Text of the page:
All quite on the western front

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All quite on the western front

All quiet on the western front

All Quiet on the Western Front gives us a different perspective on World War I than our history books might allow. Through this novel we get to hear the thoughts of a German soldier in WWI, an enemy of the United States and its allied forces. We cannot help but sympathize with the different charachteres and we cannot help but ask ourselves what exactly an enemy is. Paul Bäumer, the narrator of this story, helps us to question reasons why countries go to war. Today, wars are fought in very different ways, but we can easily imagine a young man or woman like Paul exploring similar issues of identity, patriotism, mortality, and dreams.

It tells the story of six German soldiers who volunteered to fight in World War I, and it chronicles their demise intellectually, spiritually, and physically. The novel is told from the perspective of one incredibly observant young soldier, Paul Bäumer, who exposes details of life on the Western Front – from gas attacks, to fatal illnesses, to rat infestations. Best known for its portrayal of the horrors of trench warfare, All Quiet on the Western Front explores the necessity and purpose of war. In America, this book remains one of the most popular novels addressing WWI, in spite of the fact that the story is told from the perspective of America's WWI enemy's – a German soldier.

It's the kind of book that you'd never think you'd like...until you start reading it ...

“This book is to be neither an accusation nor a confession, and least of all an adventure, for death is not an adventure to those who stand face to face with it. It will try simply to tell of a generation of men who, even though they may have escaped shells, were destroyed by the war.” ― Erich Maria Remarque, All Quiet on the Western Front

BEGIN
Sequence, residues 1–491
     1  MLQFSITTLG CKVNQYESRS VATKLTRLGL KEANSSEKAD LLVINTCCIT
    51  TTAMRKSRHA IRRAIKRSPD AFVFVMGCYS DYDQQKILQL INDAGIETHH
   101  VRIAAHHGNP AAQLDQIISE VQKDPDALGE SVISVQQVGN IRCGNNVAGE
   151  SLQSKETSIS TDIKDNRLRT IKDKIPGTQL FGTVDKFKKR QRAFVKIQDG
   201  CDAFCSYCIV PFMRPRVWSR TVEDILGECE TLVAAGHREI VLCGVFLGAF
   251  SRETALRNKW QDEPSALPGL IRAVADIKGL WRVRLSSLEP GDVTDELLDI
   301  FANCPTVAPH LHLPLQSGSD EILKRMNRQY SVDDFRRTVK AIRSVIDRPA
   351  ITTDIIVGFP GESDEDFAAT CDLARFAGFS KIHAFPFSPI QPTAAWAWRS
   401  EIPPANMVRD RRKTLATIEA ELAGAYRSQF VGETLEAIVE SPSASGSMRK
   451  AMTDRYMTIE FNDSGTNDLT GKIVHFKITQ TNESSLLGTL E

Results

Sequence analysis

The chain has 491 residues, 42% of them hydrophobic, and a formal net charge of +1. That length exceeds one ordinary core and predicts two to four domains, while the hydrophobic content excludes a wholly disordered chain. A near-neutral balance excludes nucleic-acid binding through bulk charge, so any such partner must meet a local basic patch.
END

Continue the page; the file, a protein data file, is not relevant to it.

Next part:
“I am young, I am twenty years old; yet I know nothing of life but despair, death, fear, and fatuous superficiality cast over an abyss of sorrow. I see how peoples are set against one another, and in silence, unknowingly, foolishly, obediently, innocently slay one another.” ― Erich Maria Remarque, All Quiet on the Western Front

“But now, for the first time, I see you are a man like me. I thought of your hand-grenades, of your bayonet, of your rifle; now I see your wife and your face and our fellowship. Forgive me, comrade. We always see it too late. Why do they never tell us that you are poor devils like us, that your mothers are just as anxious as ours, and that we have the same fear of death, and the same dying and the same agony--Forgive me, comrade; how could you be my enemy?” ― Erich Maria Remarque, All Quiet on the Western Front

“At school nobody ever taught us how to light a cigarette in a storm of rain, nor how a fire could be made with wet wood-nor that it is best to stick a bayonet in the belly because there it doesn't get jammed, as it does in the ribs.” ― Erich Maria Remarque, All Quiet on the Western Front


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